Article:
classic piano method : how to play piano Here I publish a complete classic piano method by Karl Merz. This book was published in 1885 but contains many useful exercises and tips to study and learn piano. Moreover it contains helpful tips and suggestions for piano teachers Piano method summery Preface of the classic piano method by K. The very favorable reception extended to our instruction book for the "Parlor Organ," "The Musical Hints" and "The Elements of Harmony," have induced our publishers to request us to prepare for them also an Instruction book for the Piano. It is important that a skillful, masterly teacher should direct the first lessons of a pupil. Considerations about this piano method Remember that not only should a child's fingers and hands develop, but also its mind. Disclaimer: This work is - Author: Merz, Karl, 1836-1890 - Digitizing Sponsor: MSN - Book Contributor: Music - University of Toronto - Corrections, elaborations and final digitalization by Paolo Parrella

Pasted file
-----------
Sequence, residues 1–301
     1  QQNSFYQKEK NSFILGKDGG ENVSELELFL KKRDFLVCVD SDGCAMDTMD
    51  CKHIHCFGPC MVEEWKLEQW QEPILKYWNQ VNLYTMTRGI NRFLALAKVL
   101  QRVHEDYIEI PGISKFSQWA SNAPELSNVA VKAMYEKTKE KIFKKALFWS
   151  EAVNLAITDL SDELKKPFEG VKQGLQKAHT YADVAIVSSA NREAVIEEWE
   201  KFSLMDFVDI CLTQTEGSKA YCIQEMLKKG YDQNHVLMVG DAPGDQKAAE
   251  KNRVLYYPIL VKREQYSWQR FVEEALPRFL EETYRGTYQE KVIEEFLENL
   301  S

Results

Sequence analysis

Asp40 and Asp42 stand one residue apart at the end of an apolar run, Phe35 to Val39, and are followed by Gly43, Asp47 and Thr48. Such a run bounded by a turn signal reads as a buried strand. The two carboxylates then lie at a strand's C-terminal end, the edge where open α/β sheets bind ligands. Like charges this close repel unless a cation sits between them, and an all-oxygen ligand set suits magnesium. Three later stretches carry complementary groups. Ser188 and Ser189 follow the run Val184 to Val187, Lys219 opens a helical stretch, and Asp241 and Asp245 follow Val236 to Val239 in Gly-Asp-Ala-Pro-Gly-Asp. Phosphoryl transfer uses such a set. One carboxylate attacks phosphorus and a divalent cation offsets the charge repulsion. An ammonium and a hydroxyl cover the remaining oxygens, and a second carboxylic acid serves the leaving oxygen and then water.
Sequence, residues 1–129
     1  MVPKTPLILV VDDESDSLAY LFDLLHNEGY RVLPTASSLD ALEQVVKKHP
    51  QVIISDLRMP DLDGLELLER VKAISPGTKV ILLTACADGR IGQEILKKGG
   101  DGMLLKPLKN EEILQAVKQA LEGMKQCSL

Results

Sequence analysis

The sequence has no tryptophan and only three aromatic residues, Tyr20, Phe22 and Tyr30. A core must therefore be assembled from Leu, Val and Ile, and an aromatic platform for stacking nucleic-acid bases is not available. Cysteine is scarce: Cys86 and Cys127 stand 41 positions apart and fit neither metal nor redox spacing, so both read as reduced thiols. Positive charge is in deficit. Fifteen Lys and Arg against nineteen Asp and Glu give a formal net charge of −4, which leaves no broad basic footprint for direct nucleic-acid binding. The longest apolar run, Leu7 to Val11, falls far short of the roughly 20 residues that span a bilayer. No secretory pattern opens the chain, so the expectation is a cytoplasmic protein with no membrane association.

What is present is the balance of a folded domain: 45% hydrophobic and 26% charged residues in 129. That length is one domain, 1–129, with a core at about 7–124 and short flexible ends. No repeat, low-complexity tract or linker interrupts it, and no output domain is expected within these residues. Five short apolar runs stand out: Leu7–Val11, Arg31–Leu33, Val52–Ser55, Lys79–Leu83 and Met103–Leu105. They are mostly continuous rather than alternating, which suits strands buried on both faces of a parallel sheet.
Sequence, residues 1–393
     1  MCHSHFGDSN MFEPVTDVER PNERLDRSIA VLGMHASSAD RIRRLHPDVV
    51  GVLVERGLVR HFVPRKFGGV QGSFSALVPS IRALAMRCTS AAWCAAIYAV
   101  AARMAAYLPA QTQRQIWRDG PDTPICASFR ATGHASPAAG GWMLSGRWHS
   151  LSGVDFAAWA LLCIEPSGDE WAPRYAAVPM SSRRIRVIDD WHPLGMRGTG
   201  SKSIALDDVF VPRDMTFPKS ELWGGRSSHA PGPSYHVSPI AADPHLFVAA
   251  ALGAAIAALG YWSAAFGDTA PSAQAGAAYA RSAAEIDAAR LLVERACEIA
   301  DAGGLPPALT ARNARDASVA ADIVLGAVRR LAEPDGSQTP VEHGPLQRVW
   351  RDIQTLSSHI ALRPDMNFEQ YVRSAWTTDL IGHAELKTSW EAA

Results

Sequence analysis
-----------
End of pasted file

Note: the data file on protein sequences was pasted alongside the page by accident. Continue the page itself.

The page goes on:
30+ Insanely Useful Websites for Guitarists The guitar is an instrument that knows no genre and no boundaries--one of the reasons why it's arguably the world's most beloved instrument. Here are over 30 incredibly useful (and often entertaining) websites dedicated to the guitar and its admirers. Must-see sites 1. 2. 3. 4. 5. Soloing 6. 100 Greatest Guitar Solos is a ranked list of the greatest guitar solos of all time with included tablature for each. 7. 20 Greatest Guitar Solos Ever resembles the beginning of the above list, but with crispy and delicious YouTube videos for each entry. 8. Inspirational articles 9. 10. 99 Tips to Help You Play Better features 99 pearls of wisdom from guitar wizards like Steve Vai, Joe Satriani and Jimmi Page. “Your sound is in your hands as much as anything. 11. Free guitar tabs and guitar chords The online guitar tablature community was in turmoil just a few months ago when the legal status of tabs was questioned. 12. 13. 14. 15. 17. Free guitar lessons 18. 19. 20. 21. 22. 23. 24. Guitar theory 25. 26.